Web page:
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19 Entrepreneurship Websites Worth Checking Out

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19 Entrepreneurship Websites Worth Checking Out

entrepreneur

    The number of websites dedicated to helping entrepreneurs is incredible: there are always new sites, to the point that it can be hard to keep track of them. However, I have a few favorites. There are some tools I absolutely rely on for everything from marketing to billing, some blogs I read constantly and a few resource sites that I consult for all sorts of small business issues.

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    If you are an entrepreneur of any kind, it doesn’t particularly matter where you are in the process. Whether you’re just starting out freelancing in your spare time or you have a thriving business and you’re looking to expand, there are always new resources that can help you along in the entrepreneurial process. These sites are a great starting point: they’re all good resources and you may not have explored all of them.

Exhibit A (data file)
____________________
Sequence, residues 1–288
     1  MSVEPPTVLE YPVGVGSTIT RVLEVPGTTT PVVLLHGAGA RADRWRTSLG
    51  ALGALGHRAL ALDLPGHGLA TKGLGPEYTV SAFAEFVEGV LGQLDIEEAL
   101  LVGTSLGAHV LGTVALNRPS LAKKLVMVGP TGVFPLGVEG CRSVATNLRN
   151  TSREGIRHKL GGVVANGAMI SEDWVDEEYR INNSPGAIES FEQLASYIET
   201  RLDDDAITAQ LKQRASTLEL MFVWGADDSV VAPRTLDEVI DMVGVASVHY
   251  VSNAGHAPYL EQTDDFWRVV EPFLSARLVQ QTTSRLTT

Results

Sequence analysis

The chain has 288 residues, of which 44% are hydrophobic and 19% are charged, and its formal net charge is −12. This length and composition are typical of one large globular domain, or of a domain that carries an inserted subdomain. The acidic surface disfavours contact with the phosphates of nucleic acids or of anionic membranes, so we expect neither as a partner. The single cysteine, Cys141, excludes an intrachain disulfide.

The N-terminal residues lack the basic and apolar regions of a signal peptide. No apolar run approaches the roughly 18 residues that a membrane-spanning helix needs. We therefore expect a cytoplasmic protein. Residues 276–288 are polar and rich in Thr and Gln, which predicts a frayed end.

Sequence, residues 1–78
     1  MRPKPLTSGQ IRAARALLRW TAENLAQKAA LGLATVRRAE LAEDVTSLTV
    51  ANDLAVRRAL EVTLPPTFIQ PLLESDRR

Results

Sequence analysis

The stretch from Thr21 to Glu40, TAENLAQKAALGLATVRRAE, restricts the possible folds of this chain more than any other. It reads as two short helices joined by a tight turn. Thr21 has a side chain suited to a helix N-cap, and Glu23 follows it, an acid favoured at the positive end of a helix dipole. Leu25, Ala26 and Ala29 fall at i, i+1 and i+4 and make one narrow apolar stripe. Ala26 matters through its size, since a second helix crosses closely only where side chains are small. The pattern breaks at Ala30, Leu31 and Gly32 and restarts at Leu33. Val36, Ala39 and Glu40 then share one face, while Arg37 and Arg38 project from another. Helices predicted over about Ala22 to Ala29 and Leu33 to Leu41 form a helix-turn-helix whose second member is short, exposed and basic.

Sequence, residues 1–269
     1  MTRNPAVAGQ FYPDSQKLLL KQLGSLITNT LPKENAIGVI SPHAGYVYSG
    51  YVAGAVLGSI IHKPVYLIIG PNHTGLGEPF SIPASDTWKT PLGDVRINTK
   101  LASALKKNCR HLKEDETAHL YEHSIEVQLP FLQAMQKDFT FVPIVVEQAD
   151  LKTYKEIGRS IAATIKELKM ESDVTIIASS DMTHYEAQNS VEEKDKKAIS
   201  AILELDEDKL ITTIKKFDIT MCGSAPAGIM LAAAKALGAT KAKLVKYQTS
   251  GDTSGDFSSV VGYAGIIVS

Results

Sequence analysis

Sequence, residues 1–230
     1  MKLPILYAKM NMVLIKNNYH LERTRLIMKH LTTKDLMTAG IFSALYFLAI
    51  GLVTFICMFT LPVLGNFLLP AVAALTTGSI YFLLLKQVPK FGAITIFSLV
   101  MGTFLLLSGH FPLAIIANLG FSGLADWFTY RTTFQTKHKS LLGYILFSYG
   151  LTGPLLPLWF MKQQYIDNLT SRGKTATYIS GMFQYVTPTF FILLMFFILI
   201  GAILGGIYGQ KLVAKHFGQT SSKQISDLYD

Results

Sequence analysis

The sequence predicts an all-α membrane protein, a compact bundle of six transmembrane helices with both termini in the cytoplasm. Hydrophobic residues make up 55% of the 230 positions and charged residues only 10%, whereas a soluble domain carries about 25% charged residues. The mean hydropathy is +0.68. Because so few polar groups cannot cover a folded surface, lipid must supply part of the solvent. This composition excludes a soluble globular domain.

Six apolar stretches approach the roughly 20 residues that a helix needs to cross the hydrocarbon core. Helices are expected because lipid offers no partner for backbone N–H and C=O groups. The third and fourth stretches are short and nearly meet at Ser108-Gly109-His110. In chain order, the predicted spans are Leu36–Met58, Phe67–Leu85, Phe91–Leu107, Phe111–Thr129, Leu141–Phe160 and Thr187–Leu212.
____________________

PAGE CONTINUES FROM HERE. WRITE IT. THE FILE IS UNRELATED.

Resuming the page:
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    Blogs

    1. Startup Nation: Startup Nation offers entrepreneurial advice from a whole slew of people who have been there and done that — and have the business to prove it. The site has advice on just about every aspect of creating and running a startup.
    2. IttyBiz: This site is an especially valuable resource if you’re looking to start an online business, but it’s got tons of great information on marketing in general.
    3. Lateral Action: For creative types, like graphic designers, writers and such, there are some special challenges that come with running your own business. Laterlal Action offers up advice specially targeted to those fields.